This law has long been the favorite of tech companies. The defense has always been that they can’t and should not be in charge of verifying the news that users and accounts distribute. They could evade responsibility by stating that they are not arbiters of the truth and should not play the rule of an umpire.

Now, however, in light of the indefensible actions of censorship, Twitter and Facebook have put themselves in the crossfire of bipartisan attempt to break up their media power.

Republicans saw this as evidence of the companies’ partisanship and their blatant disregard for First Amendment. Senator Ted Cruz of Texas, Congressman Ken Buck of Colorado, and Congress woman Cathy McMorris Rodgers of Washington state, are among the furious GOP representatives.

Senator Josh Hawley has formally requested Twitter‘s CEO Jack Dorsey and the CEO of Facebook, Mark Zuckerberg to appear before the Senate Judiciary Subcommittee in a coming hearing titled “Digital Platforms and Election Interference.”

Jack Dorsey later acknowledged his company’s mishandling of the situation and tweeted: “Our communication around our actions on the NY Post article was not great. And blocking URL sharing via tweet or DM with zero context as to why we’re blocking: unacceptable.”

DOJ vs. Google

A parallel legal challenge is under way by The United States Department of Justice. Attorney General William Barr had also blasted Tech companies in the past. In February of 2020, he said: “No longer are the tech companies the underdog upstarts. They have become titans.”

On 20th of October 2020, it was reported that an Antitrust lawsuit was filed by Department of Justice against Google. This complaint was filed in federal court in Washington, D.C., on Tuesday morning.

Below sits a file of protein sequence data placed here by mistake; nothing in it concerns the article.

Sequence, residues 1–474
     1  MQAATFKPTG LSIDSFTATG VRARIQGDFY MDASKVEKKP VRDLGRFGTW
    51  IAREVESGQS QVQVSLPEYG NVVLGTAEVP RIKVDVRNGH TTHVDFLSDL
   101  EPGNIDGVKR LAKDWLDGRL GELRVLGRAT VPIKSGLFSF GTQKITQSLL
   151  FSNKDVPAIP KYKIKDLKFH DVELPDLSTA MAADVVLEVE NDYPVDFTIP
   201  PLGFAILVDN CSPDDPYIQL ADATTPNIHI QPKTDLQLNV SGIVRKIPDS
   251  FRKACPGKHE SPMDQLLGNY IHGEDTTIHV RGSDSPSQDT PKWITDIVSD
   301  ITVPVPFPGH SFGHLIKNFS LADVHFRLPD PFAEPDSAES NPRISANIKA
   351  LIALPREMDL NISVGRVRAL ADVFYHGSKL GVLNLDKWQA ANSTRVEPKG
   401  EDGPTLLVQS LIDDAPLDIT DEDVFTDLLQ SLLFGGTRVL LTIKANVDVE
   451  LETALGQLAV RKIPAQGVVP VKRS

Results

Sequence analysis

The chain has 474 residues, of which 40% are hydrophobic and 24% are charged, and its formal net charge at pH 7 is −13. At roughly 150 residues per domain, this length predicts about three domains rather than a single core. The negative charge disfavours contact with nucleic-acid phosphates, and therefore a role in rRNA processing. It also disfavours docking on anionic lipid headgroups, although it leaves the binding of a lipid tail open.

“Google is a monopolist in the general search services, search advertising, and general search text advertising markets. Google aggressively uses its monopoly positions, and the money that flows from them, to continuously foreclose rivals and protect its monopolies.”

“It is now the unchallenged gateway to the internet for billions of users world-wide. As a consequence, countless advertisers must pay a toll to Google’s search advertising and general search text advertising monopolies; American consumers are forced to accept Google’s policies, privacy practices, and use of personal data; and new companies with innovative business models cannot emerge from Google’s long shadow,” the initial DOJ complaint in the case states.

“For the sake of American consumers, advertisers, and all companies now reliant on the internet economy, the time has come to stop Google’s anticompetitive conduct and restore competition.”

Senator Josh Hawley welcomed this news: “Today’s lawsuit is the most important antitrust case in a generation. Google and its fellow Big Tech monopolists exercise unprecedented power… controlling everything from the news we read to the security of our most personal information.”

Maryam Rahmani